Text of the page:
Last update: July 13, 2019

Health Risk

Very high

Vaccines required to enter the country

Yellow fever: A yellow fever vaccination certificate is required for travelers arriving from countries with risk of yellow fever transmission. A single dose of YF vaccine is sufficient to confer sustained life-long immunity against the disease; it should be taken ten days in advance to be fully effective.

Vaccines recommended for all travelers

Routine vaccinations: Consult your doctor to ensure all routine vaccinations - such as for diphtheria, tetanus, polio, tuberculosis, influenza, measles, mumps, pertussis, rubella, varicella, etc. - are up to date (include booster shots if necessary).

Vaccines recommended for most travelers

Hepatitis A: The vaccine is given in two doses, six months apart, and is nearly 100 percent effective. The WHO recommends the vaccine be integrated into national routine immunization schedules for children aged one year or older.

Typhoid fever: The typhoid fever vaccine can be administered via injection (administered in one dose) or orally (four doses). The vaccine is only 50-80 percent effective, so travelers to areas with a risk of exposure to typhoid fever, a bacterial disease, should also take hygienic precautions (e.g. drink only bottled water, avoid undercooked foods, wash hands regularly, etc.). Children can be given the shot beginning at two years of age (six for the oral vaccine).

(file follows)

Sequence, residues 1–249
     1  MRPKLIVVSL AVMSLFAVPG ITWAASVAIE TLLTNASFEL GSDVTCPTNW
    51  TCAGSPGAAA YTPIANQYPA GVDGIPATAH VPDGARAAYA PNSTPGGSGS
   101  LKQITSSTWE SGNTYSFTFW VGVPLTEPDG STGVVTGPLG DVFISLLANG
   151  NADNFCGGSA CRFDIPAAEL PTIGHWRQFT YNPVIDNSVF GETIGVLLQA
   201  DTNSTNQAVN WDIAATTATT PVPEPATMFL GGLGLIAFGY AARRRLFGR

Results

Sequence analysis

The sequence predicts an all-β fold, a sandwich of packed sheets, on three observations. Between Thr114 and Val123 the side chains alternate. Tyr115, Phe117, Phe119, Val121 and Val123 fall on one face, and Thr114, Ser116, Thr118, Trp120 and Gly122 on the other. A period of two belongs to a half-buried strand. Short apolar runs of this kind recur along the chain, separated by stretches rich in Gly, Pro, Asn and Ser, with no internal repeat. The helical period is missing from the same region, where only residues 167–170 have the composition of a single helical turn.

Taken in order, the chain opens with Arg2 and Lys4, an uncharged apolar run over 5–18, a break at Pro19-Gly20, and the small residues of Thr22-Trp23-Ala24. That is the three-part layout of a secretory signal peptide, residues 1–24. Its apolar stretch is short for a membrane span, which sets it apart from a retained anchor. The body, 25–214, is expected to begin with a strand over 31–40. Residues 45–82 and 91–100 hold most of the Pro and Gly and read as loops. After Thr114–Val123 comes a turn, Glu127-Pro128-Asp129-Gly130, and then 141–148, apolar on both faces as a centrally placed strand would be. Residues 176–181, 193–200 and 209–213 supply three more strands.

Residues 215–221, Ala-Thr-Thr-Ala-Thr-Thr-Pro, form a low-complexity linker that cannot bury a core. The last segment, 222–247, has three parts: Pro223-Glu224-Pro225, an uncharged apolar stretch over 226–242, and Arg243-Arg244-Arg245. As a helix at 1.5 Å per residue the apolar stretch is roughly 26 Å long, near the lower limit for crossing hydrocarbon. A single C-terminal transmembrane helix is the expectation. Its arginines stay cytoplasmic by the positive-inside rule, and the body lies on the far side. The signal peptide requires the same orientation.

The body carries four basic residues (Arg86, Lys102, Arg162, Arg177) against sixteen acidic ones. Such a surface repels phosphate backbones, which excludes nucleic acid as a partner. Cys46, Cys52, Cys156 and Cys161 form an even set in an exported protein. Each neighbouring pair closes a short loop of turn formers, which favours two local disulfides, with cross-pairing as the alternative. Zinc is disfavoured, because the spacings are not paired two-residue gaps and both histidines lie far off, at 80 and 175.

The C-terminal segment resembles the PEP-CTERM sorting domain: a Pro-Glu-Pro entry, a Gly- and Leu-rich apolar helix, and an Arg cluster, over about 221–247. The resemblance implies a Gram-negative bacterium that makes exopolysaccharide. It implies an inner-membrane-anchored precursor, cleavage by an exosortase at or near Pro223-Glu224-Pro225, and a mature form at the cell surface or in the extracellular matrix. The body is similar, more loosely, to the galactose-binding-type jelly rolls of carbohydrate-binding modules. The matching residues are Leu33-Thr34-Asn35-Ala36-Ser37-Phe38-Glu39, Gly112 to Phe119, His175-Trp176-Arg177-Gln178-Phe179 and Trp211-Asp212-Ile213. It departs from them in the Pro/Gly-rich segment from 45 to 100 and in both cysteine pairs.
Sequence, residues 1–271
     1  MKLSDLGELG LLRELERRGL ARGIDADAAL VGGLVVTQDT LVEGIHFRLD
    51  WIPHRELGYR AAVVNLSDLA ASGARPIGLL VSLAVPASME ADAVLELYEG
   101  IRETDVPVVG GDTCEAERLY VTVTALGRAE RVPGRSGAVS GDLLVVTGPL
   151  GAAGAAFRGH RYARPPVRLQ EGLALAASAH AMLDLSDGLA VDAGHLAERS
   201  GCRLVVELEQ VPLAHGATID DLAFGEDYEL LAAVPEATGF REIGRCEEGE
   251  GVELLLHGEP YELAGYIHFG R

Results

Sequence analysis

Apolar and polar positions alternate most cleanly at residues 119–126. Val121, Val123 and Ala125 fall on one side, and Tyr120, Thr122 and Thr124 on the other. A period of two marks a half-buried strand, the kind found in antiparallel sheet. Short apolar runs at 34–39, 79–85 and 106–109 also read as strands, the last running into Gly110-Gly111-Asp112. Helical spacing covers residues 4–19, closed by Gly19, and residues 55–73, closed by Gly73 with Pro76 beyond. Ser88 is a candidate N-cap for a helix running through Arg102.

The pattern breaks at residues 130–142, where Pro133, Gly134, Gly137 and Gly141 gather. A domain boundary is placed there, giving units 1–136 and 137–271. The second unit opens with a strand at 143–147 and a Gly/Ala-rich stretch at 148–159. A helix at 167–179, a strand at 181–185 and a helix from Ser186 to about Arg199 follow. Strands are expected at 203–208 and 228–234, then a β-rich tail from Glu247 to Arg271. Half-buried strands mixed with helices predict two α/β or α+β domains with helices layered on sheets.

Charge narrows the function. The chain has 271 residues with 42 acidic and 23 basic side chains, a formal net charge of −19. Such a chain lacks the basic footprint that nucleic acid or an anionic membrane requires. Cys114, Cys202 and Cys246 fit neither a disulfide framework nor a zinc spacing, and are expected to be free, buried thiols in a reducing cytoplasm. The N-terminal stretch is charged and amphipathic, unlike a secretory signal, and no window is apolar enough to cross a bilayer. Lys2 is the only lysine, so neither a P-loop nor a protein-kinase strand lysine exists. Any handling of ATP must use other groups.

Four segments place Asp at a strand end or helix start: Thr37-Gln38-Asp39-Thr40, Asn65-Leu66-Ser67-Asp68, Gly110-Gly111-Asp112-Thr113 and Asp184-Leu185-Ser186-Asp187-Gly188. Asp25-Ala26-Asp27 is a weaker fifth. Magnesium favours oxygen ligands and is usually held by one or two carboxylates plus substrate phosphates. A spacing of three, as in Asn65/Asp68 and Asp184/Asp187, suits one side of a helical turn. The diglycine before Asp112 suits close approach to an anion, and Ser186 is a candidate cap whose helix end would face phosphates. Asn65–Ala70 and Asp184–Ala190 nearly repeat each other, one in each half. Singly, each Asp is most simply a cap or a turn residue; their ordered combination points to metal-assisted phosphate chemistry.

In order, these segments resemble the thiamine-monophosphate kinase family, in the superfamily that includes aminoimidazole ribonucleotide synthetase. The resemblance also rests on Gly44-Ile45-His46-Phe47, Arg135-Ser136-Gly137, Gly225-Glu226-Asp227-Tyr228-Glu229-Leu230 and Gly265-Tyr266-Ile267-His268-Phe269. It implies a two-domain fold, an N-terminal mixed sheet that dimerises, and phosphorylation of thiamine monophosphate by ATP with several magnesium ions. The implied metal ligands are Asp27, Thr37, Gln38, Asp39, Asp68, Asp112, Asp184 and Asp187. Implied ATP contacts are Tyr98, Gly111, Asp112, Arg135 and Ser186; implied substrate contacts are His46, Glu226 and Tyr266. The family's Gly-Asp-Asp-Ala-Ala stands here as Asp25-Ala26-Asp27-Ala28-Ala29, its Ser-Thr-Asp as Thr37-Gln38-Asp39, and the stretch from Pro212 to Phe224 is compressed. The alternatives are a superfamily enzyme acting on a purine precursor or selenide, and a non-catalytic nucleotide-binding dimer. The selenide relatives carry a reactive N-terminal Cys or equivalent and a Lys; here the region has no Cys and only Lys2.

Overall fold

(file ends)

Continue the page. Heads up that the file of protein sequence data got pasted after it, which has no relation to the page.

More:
Vaccines recommended for some travelers

Hepatitis B: The WHO recommends that all infants receive their first dose of vaccine as soon as possible after birth, preferably within 24 hours. The birth dose should be followed by two or three doses to complete the primary series. Routine booster doses are not routinely recommended for any age group.

Rabies: The rabies vaccination is typically only recommended for travel to remote areas and if the traveler will be at high risk of exposure (e.g. undertaking activities that will bring them into contact with dogs, cats, bats, or other mammals). The vaccination is administered in three doses over a three-to-four week period. Post exposure prophylaxis is also available and should be administered as soon as possible following contact with an animal suspected of being infected (e.g. bites and scratches).

Yellow fever: A yellow fever vaccination certificate is generally recommended for travelers to areas located east of the Panama Canal.

Last update: April 5, 2019

Natural Risks